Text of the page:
DISCOOOORD AAAAND RHYME! ONE, TWO, THREE, FOUR! This is our shortest, leanest episode to date, and it’s a rush! This podcast isn’t just prog, soul, and synths. We’re also into punk rock, and if it happens to have saxophones, well, that only sweetens the deal. In his first outing as host, Dan leads Rich, Mike, and Will through Germfree Adolescents by X-Ray Spex, a London punk quintet that existed aggressively for about a year before bandleader Poly Styrene started seeing visions of dayglo in the night and decided the life was too much for her. Adolescents’ 12 tracks are loud, colorful, diverse, and hilarious — though have a lyrics site on hand, because the brilliantly shrieky Poly can be nigh-on indecipherable. Germ-Free Adolescents turns 40 in just a couple weeks, and we hope this episode earns it some new fans!

Read More

009: Janet Jackson - Control (1986)

We’re sorry, Miss Jackson. For nearly two decades, Janet Damita Jo Jackson was one of the world’s most reliable hitmakers, but her reign came to a complete halt after the Super Bowl XXXVIII halftime show and its infamous “wardrobe malfunction.” After a stunning career spent deliberately pushing boundaries, somebody else took it a step too far and she suffered the consequences.

However, her legacy of pop masterpieces and powerful feminism was never forgotten. She kept living her life, putting out terrific albums, and never relinquishing control. Janet may have been less visible for a while there, but she never truly went away - and now that she’s been nominated to the Rock and Roll Hall of Fame for the third time, we’re going to do whatever we can to make sure she gets in, including making sure all our listeners know how excellent Control is. We hope you enjoy this as much as we do.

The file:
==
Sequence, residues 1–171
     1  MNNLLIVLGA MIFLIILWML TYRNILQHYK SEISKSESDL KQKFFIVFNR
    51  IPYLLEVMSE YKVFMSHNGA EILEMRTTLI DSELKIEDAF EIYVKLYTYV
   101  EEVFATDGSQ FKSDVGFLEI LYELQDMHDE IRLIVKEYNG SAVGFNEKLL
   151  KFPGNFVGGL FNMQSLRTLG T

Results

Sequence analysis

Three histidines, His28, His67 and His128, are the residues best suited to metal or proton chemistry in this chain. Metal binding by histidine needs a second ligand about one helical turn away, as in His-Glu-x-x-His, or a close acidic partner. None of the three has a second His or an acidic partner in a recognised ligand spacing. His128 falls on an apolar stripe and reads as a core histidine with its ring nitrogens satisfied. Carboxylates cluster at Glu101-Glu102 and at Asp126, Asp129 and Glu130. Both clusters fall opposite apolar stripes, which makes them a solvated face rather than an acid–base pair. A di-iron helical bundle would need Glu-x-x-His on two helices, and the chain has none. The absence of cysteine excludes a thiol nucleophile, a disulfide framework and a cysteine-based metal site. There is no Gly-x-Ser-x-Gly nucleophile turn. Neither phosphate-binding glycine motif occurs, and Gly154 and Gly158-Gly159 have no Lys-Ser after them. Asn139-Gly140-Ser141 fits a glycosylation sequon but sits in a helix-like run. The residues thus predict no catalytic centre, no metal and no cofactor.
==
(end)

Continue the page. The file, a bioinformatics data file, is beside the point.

Read More

008 (feat. Dave Weigel): Todd Rundgren - A Wizard, a True Star (1973)

Discord & Rhyme is excited to welcome its first guest co-host! David Weigel is a politics reporter for the Washington Post, but more importantly for our nefarious purposes, he is the author of the truly excellent progressive rock history The Show That Never Ends: The Rise and Fall of Prog Rock. But this episode is also a reunion: Dave used to geek out about music with your hosts on the teeny-tiny ‘90s music websites we lovingly called the Web Reviewing Community (WRC). And today, he’s geeking out with us all over again by helping us tear apart Todd Rundgren’s A Wizard, a True Star, track by minute-long track.

Read More

007: Emerson, Lake & Palmer - Emerson, Lake & Palmer (1970)

In Prog John’s first go-around as host, the Discord & Rhyme crew (John, Amanda, Mike, and Dan) turn their attention to the debut album of Emerson, Lake & Palmer, an album and band that everyone in this episode agrees is far better than consensus critical opinion would suggest. John offers a spirited defense not only of the band and this album, but also of prog rock in general as well as of one of his favorite classical composers, the 20th-century Hungarian composer Bela Bartok (Mike agrees wholeheartedly with John’s Bartok love, while Amanda is far more ambivalent). This podcast offers deep dives into each of this album’s six tracks (the 12:27 “Take a Pebble” is discussed over six parts), as well as close examination of the band’s roots and influences, collectively and individually. We can practically guarantee that this will be the only podcast you ever hear that contains excerpts from ELP, the Vince Guaraldi Trio, a Bach keyboard suite, and, somehow, the Japanese anime “Cowboy Bebop.”

Read More

006: Aretha Franklin - I Never Loved a Man the Way I Love You (1967)

Do we really need to introduce Aretha Franklin? Undisputedly the best soul singer around — perhaps the best singer, period — her string of massive hits and modern classics is longer than some other artists’ entire careers. Her voice is so recognizable now that it’s easy to take for granted, but when she moved to Atlantic Records in 1967 and released I Never Loved a Man the Way I Love You, she made gospel-style music blare from American radios at a volume then unheard of, and with a confident feminist swagger.

Read More